That's the headline on a blog post by the Vermont Food Bank.
- Just as we head into winter.
- While many families are still reeling from the devastation wrought by Hurricane Irene.
We may have gotten most of our roads and bridges back in place, but that can't replace the jobs lost when businesses were washed away. It doesn't help the families whose homes are still gone. It doesn't feed our kids.
The Vermont Foodbank and its network of 270 food shelves, meal sites, shelters, senior centers and after-school programs are experiencing record demand for our services. Thousands of families are finding it harder to make ends meet, struggling with only one wage earner or reduced hours and wages. And as the need for food assistance dramatically increases, the charitable food system is working with fewer and fewer resources.TEAP is one of those social programs the republicans love to cut. After all, it benefits the working poor and their "moocher" children.
The Emergency Food Assistance Program (TEFAP) is an income-based federal program that provides food at no cost to low-income Americans in need of short-term hunger relief through organizations like the Vermont Foodbank. During FY 2012, the Foodbank saw a 50% reduction in its allotment of TEFAP food; that is over one million pounds of food.
At the very time when food prices have skyrocketed. At the very time when heating season is about to hit - with record high fuel prices. At the very time it is needed most, the funding is cut, leaving children and their families hungry. If you've ever been in the situation of having to decide to not eat for a couple of days so you can make sure there's enough food for your kids, you know just how evil these cuts are. If you've ever had to explain to your children that the dinner they had at the local free church supper is all they get today, you know.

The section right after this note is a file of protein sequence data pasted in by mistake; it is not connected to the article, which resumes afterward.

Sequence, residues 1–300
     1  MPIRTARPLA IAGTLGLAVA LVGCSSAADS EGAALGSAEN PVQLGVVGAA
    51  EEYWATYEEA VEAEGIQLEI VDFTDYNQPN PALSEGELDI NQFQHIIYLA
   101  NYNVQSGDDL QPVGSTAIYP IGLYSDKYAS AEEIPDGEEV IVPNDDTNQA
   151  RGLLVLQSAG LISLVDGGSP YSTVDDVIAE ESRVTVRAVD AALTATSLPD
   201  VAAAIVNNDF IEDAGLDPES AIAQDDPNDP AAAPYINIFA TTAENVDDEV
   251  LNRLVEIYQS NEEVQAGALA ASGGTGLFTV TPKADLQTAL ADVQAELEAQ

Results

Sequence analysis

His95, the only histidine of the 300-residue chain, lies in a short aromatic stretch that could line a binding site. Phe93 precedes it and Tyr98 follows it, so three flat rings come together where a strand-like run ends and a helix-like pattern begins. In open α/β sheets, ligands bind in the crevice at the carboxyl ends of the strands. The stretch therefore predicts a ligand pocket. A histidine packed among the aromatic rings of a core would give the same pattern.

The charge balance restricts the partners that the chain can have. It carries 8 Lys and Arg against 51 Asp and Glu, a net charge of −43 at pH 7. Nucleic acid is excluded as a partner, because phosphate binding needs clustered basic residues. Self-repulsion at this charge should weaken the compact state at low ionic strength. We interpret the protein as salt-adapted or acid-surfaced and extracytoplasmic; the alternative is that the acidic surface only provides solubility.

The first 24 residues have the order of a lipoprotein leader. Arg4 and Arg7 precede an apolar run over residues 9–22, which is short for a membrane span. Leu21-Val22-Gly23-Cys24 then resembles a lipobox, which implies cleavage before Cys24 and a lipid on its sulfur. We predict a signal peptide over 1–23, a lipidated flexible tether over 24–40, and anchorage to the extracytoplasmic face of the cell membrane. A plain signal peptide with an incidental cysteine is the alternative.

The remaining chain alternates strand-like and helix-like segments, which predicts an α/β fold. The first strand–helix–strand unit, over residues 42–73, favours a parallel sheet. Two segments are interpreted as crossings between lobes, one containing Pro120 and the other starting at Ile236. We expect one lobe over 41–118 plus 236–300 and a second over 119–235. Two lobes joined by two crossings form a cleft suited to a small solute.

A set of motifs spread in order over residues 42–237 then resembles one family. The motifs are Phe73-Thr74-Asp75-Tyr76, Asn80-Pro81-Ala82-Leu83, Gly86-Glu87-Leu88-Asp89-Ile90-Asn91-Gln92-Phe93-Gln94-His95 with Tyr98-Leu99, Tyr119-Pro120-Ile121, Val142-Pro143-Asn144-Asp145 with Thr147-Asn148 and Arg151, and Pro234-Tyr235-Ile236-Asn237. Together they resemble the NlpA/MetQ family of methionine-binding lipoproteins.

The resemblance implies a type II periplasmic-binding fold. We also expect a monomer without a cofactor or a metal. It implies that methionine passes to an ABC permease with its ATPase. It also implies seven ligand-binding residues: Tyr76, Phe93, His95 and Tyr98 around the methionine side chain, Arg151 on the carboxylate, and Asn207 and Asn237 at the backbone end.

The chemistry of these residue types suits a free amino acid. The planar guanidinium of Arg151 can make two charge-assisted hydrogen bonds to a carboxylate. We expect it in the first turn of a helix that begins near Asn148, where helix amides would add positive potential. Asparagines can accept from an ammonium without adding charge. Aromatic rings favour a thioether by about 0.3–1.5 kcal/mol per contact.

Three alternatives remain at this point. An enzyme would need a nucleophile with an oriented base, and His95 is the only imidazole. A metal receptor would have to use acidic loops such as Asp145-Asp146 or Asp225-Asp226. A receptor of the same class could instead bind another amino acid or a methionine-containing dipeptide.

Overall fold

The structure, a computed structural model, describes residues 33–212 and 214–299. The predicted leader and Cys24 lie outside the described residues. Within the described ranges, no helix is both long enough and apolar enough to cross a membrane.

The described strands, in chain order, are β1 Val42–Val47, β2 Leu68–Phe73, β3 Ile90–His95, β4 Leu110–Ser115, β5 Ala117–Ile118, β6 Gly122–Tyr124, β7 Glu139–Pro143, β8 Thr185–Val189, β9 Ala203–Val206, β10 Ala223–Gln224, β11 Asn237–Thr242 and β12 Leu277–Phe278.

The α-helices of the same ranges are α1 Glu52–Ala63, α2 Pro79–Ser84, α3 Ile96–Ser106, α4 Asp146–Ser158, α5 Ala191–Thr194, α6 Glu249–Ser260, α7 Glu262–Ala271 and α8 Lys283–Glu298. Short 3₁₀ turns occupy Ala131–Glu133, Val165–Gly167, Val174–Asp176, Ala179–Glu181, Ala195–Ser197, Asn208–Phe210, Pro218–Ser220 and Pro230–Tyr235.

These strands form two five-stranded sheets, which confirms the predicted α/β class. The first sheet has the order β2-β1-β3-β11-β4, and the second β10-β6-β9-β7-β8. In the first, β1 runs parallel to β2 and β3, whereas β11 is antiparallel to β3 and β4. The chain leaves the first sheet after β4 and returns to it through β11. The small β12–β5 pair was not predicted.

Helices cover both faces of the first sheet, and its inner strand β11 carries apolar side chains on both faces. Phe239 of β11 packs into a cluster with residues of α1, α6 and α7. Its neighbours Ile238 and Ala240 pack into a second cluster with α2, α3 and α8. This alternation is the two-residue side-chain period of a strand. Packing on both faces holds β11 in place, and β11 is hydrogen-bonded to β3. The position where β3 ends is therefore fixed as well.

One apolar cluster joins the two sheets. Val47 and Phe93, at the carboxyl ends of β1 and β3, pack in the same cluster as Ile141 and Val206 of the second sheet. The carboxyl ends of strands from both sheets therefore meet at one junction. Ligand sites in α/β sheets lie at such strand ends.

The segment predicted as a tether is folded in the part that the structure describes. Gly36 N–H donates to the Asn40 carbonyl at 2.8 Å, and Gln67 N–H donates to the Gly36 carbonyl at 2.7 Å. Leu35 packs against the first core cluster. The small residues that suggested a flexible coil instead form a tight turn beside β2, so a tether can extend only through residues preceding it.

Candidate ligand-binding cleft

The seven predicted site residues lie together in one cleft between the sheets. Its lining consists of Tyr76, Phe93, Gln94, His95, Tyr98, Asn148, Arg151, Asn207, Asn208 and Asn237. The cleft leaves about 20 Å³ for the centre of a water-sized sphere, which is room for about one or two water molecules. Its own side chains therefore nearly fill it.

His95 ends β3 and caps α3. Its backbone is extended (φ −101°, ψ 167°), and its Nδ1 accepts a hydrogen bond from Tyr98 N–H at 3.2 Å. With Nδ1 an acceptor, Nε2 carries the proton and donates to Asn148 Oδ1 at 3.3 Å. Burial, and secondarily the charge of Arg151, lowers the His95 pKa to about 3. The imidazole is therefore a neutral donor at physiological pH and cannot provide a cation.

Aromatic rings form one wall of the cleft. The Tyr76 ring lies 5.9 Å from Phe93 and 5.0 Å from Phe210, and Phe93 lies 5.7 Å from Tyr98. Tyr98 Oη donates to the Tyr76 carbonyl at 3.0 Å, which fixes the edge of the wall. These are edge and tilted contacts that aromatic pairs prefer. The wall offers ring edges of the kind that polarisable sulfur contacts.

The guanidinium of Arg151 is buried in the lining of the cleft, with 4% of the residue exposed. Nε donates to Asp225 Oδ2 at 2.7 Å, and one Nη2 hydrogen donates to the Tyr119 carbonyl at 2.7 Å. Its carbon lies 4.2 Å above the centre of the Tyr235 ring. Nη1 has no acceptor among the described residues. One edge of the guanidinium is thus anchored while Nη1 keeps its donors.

I don't generally post to ask for money, but the situation in Vermont is becoming dire. If the proposed cuts to food assistance (SNAP) are passed, it's going to get much, much worse.
“This lack of food is having a ripple effect,” said John Sayles, Vermont Foodbank CEO. “Many of our partners are struggling to keep food on their shelves while providing for those in need walking through their doors. And while grocers, food manufacturers and financial donors have been generous, the Foodbank still struggles to fill the void of the 1.2 million pounds of food that we were counting on.”Short by 1.2 million pounds of food. Think of how much hunger that would represent if we weren't still recovering in the aftermath of the most destructive hurricane in nearly 100 years. Think of how much hunger that would represent if SNAP benefits weren't also on the chopping block. Think of all the families who will sacrifice heat for food.
Please help by donating to the Vermont Food Bank. A donation of $25 = 150 meals. Even the smallest donation can fill the void for a child for a day.
Donate, because no child deserves to go to bed hungry.
Update: Harris Boothroyd III also suggested emergency heating funds. I know the state program takes about 6 weeks to get into, and then funds dry up rapidly. There are two non-profit groups that try to fill the gap after assistance money runs out:
The WARMTH Support Program uses funds donated by concerned Vermonters to help low-income families pay their energy costs. All contributions go directly to fuel suppliers; administrative costs are funded by participating fuel dealers and utilities. WARMTH funds are available when a household has exhausted its supply of fuel or faces disconnection of utility services. Funds are only available when an individual has not been able to find sufficient help through other channels. Application can be made at any of Vermont's five community action agencies.
Central Vermont Community Action Council, Inc. 802-479-1053
Champlain Valley Office of Economic Opportunity, Inc. 802-862-2771
North East Kingdom Community Action 802-334-7316
Southeastern Vermont Community Action, Inc. 802-463-9951
Vermont Community Action Directors Association 802-775-0878
The Shareheat Fund
The Fund helps less fortunate customers pay their winter energy bills. Recipients must have exhausted other fuel assistance funds before receiving help from Shareheat. Donations are distributed to community action agencies operating within the CVPS service territory, which in turn, provide the funds on a case-by-case basis to those in need.
Contact: Community Action Agencies